HW10 due 3/25: Mandala

1. Mandalas for both classes are now due Tuesday. You have had three weeks to work on this project, so I am expecting nothing less than extraordinary work. The Mandala will be worth 200 points and count as a project/essay grade. Keep in mind:

  • Your base structure of your mandala should be a series of geometric shapes. The primary, and largest, shape must be a geometric shape.  Within there must be an arrangement of smaller geometric shapes.
  • All geometric shapes must be PRECISE. The craftsmanship in general should be precise.
  • The Mandala should use colors meaningfully. Meaning, you should be able to explain why you chose the colors you chose.
  • All visuals beyond the base structure should be purposeful and powerful. Meaning, there should be a rationale for everything present in your Mandala and that rationale should be of great significance to you. Further, the images should be aesthetically pleasing in presentation.
  • The Mandala should reflect great creative effort!
  • The Mandala should reflect great overall effort!
  • The Mandala should reflect you!

2. Allegorical Short Fiction–due Wednesday, March 26th. In particular, pay attention to how you are using dialogue, sensory imagery, and figurative language. Keep in mind:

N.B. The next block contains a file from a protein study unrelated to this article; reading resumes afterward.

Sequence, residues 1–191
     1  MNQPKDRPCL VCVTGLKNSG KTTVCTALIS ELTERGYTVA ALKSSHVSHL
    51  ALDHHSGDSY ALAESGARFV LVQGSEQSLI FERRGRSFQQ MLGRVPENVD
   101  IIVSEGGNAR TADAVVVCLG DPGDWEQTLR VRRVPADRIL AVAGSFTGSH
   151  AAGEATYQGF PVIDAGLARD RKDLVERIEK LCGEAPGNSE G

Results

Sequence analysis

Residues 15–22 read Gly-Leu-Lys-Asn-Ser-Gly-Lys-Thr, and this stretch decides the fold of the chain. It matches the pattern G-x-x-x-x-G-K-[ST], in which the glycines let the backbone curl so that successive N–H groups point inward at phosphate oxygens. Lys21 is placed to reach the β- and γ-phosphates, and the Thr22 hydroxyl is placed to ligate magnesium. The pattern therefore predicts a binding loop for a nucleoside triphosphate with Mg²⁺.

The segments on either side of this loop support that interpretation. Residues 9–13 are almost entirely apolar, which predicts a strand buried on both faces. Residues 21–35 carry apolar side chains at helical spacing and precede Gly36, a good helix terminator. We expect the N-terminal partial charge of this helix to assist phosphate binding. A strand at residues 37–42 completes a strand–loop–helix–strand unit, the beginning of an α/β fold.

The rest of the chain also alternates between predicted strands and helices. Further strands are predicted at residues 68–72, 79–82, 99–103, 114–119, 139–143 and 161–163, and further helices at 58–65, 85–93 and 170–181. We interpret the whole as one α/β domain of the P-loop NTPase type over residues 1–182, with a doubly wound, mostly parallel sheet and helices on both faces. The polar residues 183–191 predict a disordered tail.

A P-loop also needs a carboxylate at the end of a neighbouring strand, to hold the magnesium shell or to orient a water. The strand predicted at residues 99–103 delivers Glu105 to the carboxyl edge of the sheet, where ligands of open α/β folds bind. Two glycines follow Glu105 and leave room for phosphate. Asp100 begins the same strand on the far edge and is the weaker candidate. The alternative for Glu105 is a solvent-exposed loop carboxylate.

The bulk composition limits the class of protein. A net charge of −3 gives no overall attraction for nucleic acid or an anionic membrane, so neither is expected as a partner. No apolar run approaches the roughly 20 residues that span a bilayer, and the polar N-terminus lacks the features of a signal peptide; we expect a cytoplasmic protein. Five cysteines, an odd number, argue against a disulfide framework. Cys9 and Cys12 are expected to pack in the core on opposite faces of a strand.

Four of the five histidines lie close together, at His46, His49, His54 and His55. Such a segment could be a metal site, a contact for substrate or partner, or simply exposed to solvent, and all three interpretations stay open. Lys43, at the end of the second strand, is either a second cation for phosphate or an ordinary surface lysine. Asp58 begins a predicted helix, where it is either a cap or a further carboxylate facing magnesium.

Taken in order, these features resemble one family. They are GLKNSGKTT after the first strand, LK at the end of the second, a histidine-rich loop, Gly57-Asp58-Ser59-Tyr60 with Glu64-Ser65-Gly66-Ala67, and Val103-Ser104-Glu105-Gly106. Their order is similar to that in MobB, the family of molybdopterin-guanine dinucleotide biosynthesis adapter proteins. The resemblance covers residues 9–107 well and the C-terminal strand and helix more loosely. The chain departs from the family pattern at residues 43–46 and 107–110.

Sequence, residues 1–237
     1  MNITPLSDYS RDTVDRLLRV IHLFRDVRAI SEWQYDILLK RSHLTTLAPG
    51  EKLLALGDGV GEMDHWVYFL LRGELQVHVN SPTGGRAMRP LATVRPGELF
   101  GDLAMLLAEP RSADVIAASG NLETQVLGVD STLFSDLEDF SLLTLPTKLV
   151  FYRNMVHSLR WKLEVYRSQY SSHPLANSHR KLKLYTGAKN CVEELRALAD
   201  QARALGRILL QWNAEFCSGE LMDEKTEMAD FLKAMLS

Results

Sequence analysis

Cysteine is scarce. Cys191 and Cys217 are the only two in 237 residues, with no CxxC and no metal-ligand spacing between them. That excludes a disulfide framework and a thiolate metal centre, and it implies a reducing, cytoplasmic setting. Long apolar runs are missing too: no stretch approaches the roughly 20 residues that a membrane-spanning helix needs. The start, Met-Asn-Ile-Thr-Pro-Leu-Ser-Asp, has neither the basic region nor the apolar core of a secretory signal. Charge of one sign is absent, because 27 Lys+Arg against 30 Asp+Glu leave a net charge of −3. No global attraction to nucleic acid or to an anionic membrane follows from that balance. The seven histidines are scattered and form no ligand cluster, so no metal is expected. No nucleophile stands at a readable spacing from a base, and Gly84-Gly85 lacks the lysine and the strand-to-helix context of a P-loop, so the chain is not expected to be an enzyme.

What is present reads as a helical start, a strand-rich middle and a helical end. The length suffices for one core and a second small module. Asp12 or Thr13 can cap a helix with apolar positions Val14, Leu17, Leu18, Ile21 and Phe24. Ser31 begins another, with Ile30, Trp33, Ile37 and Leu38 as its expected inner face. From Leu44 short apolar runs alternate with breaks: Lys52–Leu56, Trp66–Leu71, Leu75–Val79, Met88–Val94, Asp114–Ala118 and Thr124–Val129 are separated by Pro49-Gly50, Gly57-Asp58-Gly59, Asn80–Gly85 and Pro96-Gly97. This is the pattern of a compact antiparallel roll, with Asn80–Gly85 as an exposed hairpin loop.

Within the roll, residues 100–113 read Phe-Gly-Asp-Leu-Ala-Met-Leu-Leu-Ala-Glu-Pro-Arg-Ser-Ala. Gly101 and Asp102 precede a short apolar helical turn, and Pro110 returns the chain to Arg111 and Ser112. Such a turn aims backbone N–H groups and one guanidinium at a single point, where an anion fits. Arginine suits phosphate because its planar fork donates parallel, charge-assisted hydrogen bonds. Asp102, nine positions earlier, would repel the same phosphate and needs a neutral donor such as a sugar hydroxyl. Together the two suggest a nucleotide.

• Allegory: Your short story should reflect common characteristics of an allegory per the link posted at the beginning of this project.
  • Theme: Your short story should reflect you and some aspect of your Self as the primary subject for the allegory.
  • Characterization:  Characters are well-developed through dialogue, actions or thoughts.
  • Point of view: One point of view is used consistently throughout the story.  Further, the point of view is the product of a conscious choice.
  • Grammar/Usage/Mechanics:  Correct grammar, sentence and paragraph structure, spelling, punctuation and capitalization are used. Use of strong vocabulary is evident. Sentences vary in length and type.
  • Organization:  While this story may not have the traditional beginning, middle, and end, there should still be a logical and consciously chosen organization to the narrative.
  • Conflict: Clearly established and developed yet not necessarily resolved.
  • Creativity: The story contains many creative details and/or descriptions that contribute to the reader’s enjoyment. The author has really used his/her imagination. There is evidence of vivid sensory imagery and figurative language to help paint the scenes of your narrative.

3. We begin the next unit on Monday, The Death of Ivan Ilyich by Leo Tolstoy.

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